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Sunday, September 15
Updated: September 16, 11:09 PM ET
Rams 0-2 starts rests on Martz's shoulders

By Adrian Wojnarowski
Special to

ST. LOUIS -- The smug, arrogant act of the St. Louis Rams coach ends now, a self-congratulatory, acid-tongued genius rapidly reduced to a common coaching clown, the red-nosed floppy-shoed folly threatening to topple the Greatest Show on Turf. What deserved to be a dynasty is decaying down by down, game by game. Mike Martz is the lost soul standing on the sidelines.

Every week, it gets worse for Martz. Every week, he slinks deeper and deeper into his own doing. Nobody cares. Nobody feels bad for him. He's brought everything on himself. His stubbornness blew the Super Bowl, his ego and carelessness profoundly costing the Rams this 0-2 start to the season. Yes, it gets worse every day.

Everyone in the National Football League trashes Jason Sehorn, but nobody did with Martz's venom, his glee, and the sport's prettiest face made him pay with a pound of flesh. Man, this had to be the most humiliating moment for Martz at the Edward Jones Dome, Sehorn picking a pass out of the air, running it back for a touchdown, running it down the throat of a speechless Rams coach.
Those turnovers will kill you. No matter what you call it, how you do things or don't do things, it doesn't make any difference…I wish I could tell you I haven't been here before, but I have, many, many times in my life, in my career.
Mike Martz, Rams head coach

All his mouthing off -- on Sehorn, on everything -- had come back to embarrass Martz. The boos tumbled down at the Dome, the restlessness of the city over the Super Bowl and Broncos loss rumbling into a rage.

When this 26-21 loss to the Giants was done, 10 years of New York futility against the Rams obliterated, surprise, surprise: Martz passed the blame to his players. When the Rams were winning, he craved the credit, but he wants nothing to do with accountability for a franchise that's lost its invincibility.

"Those turnovers will kill you," Martz said. "No matter what you call it, how you do things or don't do things, it doesn't make any difference…I wish I could tell you I haven't been here before, but I have, many, many times in my life, in my career.

"We'll respond. We'll come back."

Nobody is so sure anymore. Not because of Kurt Warner's interceptions, not because of a defense giving up nearly 400 offensive yards to the Giants, but because of the coach's erratic leadership. Around St. Louis, they're never sure of the leader they're going to get. What's Martz's mood going to be today? Up? Down? Nobody knows. This must have a cumulative effect on the psyche of the team, especially when a Super Bowl favorite is struggling, blame is flying and the coach is shirking his share.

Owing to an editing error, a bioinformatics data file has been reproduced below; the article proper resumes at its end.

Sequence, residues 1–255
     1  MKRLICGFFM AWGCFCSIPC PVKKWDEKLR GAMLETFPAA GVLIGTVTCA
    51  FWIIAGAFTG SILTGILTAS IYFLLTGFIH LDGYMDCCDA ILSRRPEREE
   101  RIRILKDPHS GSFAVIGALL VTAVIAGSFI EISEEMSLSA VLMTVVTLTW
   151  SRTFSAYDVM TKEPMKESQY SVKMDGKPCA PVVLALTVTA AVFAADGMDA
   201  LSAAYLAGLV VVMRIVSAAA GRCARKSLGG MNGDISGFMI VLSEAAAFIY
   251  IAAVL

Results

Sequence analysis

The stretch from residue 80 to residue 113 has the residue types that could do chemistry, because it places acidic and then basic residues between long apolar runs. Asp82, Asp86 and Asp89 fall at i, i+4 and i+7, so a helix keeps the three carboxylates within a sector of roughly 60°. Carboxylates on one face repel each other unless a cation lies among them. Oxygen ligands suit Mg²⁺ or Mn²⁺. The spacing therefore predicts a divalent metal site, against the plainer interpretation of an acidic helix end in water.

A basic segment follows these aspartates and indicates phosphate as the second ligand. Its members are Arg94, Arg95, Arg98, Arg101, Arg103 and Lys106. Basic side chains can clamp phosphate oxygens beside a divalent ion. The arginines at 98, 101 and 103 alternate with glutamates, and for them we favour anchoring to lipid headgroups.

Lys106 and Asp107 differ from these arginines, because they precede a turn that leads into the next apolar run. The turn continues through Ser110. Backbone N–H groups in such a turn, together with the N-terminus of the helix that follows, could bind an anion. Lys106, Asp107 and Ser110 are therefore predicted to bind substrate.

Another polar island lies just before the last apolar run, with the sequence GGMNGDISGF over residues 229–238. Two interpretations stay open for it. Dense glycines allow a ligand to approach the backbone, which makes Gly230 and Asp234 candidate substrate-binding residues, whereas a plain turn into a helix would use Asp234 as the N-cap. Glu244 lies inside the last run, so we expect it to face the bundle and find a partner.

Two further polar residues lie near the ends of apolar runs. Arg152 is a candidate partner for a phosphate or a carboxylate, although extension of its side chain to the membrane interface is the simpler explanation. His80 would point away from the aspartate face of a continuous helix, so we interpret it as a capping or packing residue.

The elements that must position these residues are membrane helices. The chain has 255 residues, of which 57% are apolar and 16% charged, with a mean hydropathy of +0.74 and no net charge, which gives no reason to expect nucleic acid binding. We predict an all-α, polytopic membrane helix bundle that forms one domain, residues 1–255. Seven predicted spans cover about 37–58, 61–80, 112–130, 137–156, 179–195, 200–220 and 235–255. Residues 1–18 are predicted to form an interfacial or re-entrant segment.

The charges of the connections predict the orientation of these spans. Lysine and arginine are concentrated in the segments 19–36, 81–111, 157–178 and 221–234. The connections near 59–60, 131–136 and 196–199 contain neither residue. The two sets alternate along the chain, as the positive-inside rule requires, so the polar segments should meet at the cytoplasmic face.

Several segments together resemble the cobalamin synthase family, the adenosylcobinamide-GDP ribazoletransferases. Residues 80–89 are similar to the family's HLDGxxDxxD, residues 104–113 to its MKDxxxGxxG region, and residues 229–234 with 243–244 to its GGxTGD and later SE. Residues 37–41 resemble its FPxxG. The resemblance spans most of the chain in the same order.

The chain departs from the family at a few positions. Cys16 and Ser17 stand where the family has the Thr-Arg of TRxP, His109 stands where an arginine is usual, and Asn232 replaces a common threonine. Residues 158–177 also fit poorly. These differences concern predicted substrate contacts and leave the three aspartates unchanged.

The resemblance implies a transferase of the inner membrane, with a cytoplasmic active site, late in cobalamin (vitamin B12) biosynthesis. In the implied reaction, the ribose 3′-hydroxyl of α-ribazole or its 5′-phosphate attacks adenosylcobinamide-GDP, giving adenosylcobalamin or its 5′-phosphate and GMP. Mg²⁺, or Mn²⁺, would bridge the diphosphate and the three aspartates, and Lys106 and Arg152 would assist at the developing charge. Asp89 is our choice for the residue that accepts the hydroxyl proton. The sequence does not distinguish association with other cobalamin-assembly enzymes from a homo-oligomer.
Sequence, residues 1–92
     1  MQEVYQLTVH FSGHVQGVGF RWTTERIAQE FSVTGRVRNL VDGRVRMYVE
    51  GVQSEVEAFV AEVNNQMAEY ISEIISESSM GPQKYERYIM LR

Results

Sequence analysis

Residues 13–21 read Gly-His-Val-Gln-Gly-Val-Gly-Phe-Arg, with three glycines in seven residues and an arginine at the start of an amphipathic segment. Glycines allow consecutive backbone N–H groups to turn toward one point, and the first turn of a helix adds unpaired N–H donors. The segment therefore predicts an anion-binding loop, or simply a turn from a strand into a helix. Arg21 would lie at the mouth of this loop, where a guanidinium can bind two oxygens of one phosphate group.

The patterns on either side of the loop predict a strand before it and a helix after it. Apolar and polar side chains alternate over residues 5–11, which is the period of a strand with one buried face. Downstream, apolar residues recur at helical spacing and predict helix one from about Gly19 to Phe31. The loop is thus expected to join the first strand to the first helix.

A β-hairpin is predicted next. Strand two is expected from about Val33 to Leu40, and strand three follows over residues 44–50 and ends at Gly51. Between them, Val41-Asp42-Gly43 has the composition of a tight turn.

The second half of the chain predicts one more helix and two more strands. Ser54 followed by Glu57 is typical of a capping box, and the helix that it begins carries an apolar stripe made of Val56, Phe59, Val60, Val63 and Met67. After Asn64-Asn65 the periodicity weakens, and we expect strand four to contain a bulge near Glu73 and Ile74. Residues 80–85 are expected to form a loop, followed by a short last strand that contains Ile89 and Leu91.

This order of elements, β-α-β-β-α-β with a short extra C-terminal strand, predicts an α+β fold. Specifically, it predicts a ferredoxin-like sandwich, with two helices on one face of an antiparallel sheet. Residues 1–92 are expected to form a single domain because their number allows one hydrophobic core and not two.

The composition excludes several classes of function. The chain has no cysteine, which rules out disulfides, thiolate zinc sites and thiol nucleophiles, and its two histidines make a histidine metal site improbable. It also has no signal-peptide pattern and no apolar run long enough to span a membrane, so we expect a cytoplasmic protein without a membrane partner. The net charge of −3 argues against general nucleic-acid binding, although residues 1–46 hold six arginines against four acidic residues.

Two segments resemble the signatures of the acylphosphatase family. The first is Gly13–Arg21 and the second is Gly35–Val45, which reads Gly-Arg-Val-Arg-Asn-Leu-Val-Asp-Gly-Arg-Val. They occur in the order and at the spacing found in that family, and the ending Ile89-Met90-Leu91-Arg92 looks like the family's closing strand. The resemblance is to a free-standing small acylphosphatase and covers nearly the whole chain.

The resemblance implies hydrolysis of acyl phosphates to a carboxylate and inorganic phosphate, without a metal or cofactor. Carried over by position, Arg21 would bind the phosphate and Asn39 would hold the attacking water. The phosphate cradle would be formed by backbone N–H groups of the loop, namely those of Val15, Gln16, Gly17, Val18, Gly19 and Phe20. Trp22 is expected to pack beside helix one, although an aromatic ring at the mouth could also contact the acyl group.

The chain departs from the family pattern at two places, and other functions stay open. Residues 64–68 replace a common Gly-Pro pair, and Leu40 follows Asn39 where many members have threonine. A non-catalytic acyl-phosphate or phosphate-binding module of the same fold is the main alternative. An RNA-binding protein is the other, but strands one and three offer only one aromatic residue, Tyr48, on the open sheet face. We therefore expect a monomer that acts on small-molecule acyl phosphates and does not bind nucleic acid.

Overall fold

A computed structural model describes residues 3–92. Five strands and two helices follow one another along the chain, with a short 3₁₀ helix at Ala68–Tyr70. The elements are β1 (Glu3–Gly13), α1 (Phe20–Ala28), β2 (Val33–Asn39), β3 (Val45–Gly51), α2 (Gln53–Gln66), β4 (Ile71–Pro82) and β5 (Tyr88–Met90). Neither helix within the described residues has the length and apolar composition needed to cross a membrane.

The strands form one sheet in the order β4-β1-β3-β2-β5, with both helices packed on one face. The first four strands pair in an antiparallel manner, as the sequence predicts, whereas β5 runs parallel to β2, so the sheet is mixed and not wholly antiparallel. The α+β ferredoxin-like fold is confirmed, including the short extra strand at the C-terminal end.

"I made too many mistakes and I lost this game for this team," said Warner on Sunday, a noble gesture by the team leader.

Still, Martz doesn't get it. After failing on a 4th-and-2 in the fourth quarter of the Broncos loss, trading a fairly certain field goal and a tie game for the chance to show everyone his superior offensive mind, Martz stayed defiant last week. As it turned out, opening week was just an extension of the Super Bowl, when the Patriots flooded the secondary with defensive backs, daring Martz to run the ball. He has the best runner in the game, Marshall Faulk, but insisted on passing into the teeth of the New England defense. Winning his way was more important than winning at all.

Stubbornness faded into sheer stupidity on Sunday, when Martz confessed to forgetting Rams starting left guard Tom Nutten had left the game with a concussion when the coach called a running play for Marshall Faulk. This was 4th and 1 in the fourth quarter, the game on the line. The Giants tossed aside his replacement, Heath Irwin, stopping Faulk. Always, it is something with Martz. Always, a self-inflicted drama.

Now, Martz has to get his act together. For his acumen as an X's and O's mind, Martz has done little to inspire confidence as a cool, collected CEO. Schemes take a team just so far in this sport. This is about leading men, about a coach accepting the burden that comes with it.

This is going to be the toughest week of Martz's coaching life, with a Monday night game against Tampa Bay with stakes this simple: Still September, the season is on the line for St. Louis. This isn't on Warner. This isn't on Faulk. This is on the coach. All along, Martz wanted the Greatest Show on Turf to be about him.

He wanted Dick Vermeil out of the way, wanted the world to see him as the brains behind the Super Bowl championship with him as coordinator. Three years ago, they gave Martz everything -- complete control, the best talent in the sport and a chance to make the Rams a dynasty. Martz has made a mess.

Of all people, Sehorn had a good laugh Sunday, running past Martz for a touchdown, past the man transforming the Greatest Show on Turf into a three-ring circus. From the Super Bowl, to 0-2, this is not pretty.

Everyone is watching now. Everyone waiting. What deserved to be a dynasty is decaying and understand: This is on the lost soul standing on the sideline for the St. Louis Rams.

Adrian Wojnarowski is a columnist for The Record (Northern N.J.) and a regular contributor to He can be reached at

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